Community forestry as a green economy pathway in Cameroon

Highlights:
  • Community Forestry (CF) was introduced in Cameroon through an extensive forestry reform process in the early 1990s
  • The objectives at the time were three-fold: to grant communities rights to surrounding forests, enable them to improve their livelihoods, and to promote sustainable forest management
  • Twenty years on, about 450 CFs exist in the country, 285 of which have final management agreements, showing success in the first objective of granting community rights to forests
  • Results on the livelihood and sustainable forest management objectives have been mixed • New initiatives are needed to make community forestry an engine for a viable green economy
Introduction:

According to the 1994 Cameroonian Forest Law, community forests refers to “…part of nonpermanent forest estate (not more than 5000ha) that is the object of an agreement between government and a community in which communities undertake sustainable forest management for a period of 25 years renewable”2. In order for a community forest to be granted communities have to fulfil the following obligations:

  • Constitute a legal entity (a Common Initiative Group (CIG), an Economic Interest Group, an Association or a Cooperative) and appoint a community forest manager who shall represent them in negotiations with government in matters of community forestry;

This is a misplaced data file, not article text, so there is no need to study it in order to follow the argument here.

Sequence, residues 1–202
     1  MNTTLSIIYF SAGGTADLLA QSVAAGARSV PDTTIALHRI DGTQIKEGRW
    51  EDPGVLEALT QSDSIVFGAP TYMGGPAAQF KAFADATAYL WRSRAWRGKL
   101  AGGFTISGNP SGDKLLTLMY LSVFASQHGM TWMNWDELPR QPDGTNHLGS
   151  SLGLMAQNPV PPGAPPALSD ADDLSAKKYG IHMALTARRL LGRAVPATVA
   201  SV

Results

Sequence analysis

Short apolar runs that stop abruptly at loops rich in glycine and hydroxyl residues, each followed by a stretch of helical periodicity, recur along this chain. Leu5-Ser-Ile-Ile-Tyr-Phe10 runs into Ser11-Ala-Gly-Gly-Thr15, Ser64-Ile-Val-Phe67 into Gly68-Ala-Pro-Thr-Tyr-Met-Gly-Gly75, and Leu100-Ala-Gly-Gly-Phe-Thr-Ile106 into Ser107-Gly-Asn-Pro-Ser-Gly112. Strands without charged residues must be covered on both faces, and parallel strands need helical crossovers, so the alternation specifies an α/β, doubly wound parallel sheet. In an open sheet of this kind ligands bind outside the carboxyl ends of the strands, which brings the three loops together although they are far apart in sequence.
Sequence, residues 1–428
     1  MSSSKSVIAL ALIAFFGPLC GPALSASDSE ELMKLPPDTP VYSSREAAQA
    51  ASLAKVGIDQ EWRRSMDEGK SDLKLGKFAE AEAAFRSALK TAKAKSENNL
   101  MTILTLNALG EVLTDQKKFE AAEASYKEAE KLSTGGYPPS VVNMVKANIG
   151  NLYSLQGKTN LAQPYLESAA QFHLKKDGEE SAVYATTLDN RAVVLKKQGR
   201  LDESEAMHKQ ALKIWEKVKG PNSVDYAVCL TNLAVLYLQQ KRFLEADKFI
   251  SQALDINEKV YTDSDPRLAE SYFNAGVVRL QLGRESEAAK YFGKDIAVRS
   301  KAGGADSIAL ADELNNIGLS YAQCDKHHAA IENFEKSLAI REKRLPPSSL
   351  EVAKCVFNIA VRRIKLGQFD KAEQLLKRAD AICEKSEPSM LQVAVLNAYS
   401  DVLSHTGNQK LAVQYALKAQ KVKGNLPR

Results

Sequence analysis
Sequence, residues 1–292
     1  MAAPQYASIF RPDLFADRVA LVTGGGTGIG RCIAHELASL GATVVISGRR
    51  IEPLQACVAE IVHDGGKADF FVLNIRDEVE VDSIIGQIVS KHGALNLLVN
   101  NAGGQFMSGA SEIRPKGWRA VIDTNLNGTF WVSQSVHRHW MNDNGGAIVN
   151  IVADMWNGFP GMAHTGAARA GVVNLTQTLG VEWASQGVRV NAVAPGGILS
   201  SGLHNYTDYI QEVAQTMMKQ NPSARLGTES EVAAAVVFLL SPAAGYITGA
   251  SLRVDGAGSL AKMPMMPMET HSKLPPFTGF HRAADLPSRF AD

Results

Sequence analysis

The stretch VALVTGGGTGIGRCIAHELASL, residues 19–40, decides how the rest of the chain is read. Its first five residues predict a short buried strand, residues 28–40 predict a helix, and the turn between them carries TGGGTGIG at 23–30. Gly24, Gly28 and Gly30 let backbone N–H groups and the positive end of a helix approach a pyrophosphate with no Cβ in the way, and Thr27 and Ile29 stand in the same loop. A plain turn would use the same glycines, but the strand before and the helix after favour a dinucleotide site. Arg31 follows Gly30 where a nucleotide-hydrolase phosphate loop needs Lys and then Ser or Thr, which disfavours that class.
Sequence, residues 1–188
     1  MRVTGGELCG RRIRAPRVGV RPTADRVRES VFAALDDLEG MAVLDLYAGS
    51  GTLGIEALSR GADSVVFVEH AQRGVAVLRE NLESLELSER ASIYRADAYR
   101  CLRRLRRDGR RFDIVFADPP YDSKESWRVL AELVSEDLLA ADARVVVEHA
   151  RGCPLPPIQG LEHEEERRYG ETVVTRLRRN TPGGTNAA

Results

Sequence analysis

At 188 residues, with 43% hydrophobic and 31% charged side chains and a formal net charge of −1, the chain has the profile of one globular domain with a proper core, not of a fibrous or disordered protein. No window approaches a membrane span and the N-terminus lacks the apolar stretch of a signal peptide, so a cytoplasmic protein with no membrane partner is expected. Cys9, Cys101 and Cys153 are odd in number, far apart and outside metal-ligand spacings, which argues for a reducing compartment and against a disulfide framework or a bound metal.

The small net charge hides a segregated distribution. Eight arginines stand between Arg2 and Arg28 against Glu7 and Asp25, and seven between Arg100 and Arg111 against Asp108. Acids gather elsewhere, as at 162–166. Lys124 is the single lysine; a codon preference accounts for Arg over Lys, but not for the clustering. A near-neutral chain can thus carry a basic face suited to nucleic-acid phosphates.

• Delineate and map the intended community forest area prior to approval;
  • Present a management plan as part of the conditions for approval. The simple management plan has to be reviewed every 5 years;
  • A manual of procedures details out rules and procedures for community forestry from creation through to management, including conditions for annual exploitation in the case of timber.

Since the inception of community forestry a number of major reviews have taken stock: one in 2003 by the Ministry of Environment and Forests; another by Tropenbos International in 20064, and subsequently by the Ministry of Forestry and Wildlife (MINFOF). This chapter takes a systems perspective and lays emphasis on the role of community forestry in a viable green economy, one in which community forest enterprise is the primary vehicle for taking rural poor people out of poverty while enhancing ecosystem service benefits from community forests. It is based on a review of more than 100 publications both peer reviewed (55%) and grey literature in the form of reports, monographs etc (45%). Methods such as content analysis, systematic reviews and historical timelines are employed in the analysis.

 

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